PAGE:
When Lenovo reps at CES handed me a 13.3-inch LaVie Z HZ550 for a hands-on test, I looked at them and said, "This is just a mock-up. No way there's actually anything inside" — that's how impressively light these notebooks are. The LaVie Z laptops are the first U.S.-bound ultraportables to come out of the company's collaboration with NEC in Japan.
The non-touch HZ550 ($1,299) represents an amazing feat of engineering. Its unbelievably light 1.72-pound weight (made possible by a magnesium lithium alloy chassis) is just the start. It's only 16.9mm thick yet houses a fifth-generation Intel Core i5 processor and 4GB of RAM. While that's not exactly a workhorse, it makes this laptop powerful enough to handle most typical computing tasks, even for those of us addicted to multiple browser tabs.
The slightly heavier HZ750 ($1,499) is even more drool-worthy, incorporating the Yoga’s 360-degree hinge design as well as a touchscreen. The touchscreen display is what adds the extra weight, bringing this ultraportable up to 2.04 pounds. What a burden, right? The added weight is well worth it for the additional functionality.
Even though the HZ750’s 13.3-inch display is stretching it when it comes to tablet usefulness, its extremely light weight and compact design make it more viable in that mode. Just like the Yoga, you'll be able to configure it in tent and stand modes.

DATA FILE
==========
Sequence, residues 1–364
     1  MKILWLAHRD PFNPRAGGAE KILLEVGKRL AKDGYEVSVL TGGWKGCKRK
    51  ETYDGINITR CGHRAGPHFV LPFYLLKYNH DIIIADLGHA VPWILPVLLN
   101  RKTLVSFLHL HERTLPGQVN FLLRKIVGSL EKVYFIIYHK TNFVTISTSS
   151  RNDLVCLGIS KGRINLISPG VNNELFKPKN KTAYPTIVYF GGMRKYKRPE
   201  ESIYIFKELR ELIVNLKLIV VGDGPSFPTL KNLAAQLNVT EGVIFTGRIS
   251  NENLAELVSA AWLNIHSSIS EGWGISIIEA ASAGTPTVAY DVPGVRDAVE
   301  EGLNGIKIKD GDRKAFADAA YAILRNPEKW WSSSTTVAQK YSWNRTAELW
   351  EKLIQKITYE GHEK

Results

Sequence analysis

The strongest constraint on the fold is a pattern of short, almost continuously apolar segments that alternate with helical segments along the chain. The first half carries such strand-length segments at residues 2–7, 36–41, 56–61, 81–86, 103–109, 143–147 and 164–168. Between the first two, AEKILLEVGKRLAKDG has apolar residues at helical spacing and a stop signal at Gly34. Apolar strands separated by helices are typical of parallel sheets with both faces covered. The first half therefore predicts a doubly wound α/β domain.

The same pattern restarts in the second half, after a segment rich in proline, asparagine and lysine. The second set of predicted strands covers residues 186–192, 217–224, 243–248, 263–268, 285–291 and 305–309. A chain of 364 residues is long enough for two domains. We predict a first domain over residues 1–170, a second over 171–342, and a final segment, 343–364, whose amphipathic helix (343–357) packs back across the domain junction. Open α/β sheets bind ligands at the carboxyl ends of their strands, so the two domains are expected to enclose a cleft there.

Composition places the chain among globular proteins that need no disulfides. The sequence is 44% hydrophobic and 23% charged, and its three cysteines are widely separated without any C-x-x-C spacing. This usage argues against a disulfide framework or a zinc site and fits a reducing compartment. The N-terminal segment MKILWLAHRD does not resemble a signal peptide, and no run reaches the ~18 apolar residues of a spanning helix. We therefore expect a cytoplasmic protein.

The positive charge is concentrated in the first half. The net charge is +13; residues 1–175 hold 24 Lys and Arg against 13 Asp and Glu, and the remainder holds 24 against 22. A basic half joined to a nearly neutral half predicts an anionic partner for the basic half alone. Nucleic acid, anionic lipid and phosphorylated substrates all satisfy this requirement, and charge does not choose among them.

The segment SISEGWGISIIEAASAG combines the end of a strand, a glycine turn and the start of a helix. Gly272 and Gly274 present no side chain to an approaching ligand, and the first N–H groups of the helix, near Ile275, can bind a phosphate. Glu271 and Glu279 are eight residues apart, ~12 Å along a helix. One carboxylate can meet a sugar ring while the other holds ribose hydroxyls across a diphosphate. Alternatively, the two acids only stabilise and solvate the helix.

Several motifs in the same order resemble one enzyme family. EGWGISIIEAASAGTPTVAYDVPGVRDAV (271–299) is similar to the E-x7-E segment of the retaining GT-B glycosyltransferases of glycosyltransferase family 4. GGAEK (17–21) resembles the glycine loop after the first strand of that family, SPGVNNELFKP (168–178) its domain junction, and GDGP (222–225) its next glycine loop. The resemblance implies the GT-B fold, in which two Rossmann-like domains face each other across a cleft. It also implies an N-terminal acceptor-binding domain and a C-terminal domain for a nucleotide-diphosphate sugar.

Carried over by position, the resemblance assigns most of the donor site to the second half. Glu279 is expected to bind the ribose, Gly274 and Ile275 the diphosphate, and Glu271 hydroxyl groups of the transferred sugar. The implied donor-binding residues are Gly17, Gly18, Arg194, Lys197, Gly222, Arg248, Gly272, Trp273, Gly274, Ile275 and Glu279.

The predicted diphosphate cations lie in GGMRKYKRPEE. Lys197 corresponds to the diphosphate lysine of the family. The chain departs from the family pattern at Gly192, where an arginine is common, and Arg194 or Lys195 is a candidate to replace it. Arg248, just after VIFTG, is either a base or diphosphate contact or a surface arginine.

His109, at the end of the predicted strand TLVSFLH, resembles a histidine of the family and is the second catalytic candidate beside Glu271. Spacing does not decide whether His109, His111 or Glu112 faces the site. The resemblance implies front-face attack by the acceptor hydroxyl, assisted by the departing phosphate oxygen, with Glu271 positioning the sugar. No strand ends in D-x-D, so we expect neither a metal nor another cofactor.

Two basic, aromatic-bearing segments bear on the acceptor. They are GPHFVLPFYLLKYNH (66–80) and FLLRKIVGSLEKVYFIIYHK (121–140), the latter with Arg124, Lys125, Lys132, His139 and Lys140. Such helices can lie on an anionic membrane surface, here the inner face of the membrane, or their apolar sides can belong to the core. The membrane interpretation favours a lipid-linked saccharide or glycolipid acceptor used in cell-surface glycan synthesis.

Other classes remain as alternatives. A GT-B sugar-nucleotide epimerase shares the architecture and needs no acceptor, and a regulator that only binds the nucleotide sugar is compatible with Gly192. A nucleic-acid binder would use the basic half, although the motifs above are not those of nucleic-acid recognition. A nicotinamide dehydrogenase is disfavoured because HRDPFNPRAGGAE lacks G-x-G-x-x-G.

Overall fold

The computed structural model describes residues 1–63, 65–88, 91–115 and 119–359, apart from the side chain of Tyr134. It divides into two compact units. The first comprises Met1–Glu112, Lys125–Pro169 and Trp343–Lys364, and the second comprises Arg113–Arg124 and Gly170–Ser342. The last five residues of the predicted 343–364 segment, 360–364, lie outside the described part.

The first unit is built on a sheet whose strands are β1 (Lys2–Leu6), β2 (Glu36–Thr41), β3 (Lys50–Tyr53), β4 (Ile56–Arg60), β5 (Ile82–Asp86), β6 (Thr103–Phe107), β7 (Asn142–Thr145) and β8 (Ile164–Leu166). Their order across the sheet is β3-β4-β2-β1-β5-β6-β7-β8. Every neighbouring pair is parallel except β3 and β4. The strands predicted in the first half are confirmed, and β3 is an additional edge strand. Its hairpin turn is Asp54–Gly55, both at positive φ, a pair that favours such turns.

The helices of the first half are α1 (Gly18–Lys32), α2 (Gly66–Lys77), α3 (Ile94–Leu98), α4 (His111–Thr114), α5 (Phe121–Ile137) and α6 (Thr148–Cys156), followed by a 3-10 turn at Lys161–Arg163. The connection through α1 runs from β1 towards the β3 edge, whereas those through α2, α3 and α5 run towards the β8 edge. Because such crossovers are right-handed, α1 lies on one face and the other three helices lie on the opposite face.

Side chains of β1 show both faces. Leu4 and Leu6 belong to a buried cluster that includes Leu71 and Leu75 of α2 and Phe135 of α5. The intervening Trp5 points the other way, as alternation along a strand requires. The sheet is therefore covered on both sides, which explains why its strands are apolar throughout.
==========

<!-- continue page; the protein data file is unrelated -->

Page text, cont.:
Choose from two configurations, Intel Core i5 and 4GB of RAM or Core i7 with 8GB of RAM. For most people, these options are powerful enough for any task outside of specialized apps.
The aesthetic of both LaVie Z models calls to mind the ThinkPad line, though these are not ThinkPads. They're not quite as good-looking as the Samsung ATIV Book 9, which is also seriously thin and light. The LaVie Z HZ750 is still lighter by 0.02 pounds, but the Book 9 is thinner — 0.46 inches versus the LaVie Z’s 0.65 inches (16.9mm).
Minute differences in measurements aside, the LaVie Zs will likely give Samsung and Apple some competition among shoppers looking for light weight and compact size. The winner will be determined by performance and usability.
How the chips inside these ultraportables perform still remains to be seen. But in terms of keyboard and touchpad design, Samsung may have the advantage. If there's anything to complain about on the LaVie Zs, it's the keyboard. Its square keys felt okay but didn't blow me away during my short time poking at them. That said, this is a minor complaint, and I may feel differently about them after typing for longer periods. So far, the Book 9's keyboard feels best.
Battery life is another opportunity for the LaVie Z to stand out. Despite its thin profile, its battery life is supposed to be in the range of "all day." There are no official numbers yet, but given the power-efficient hardware inside, I have a strong hope for something like 10 to 12 hours. We’ll see when the laptops come out in May.
[Image credit: K.T. Bradford]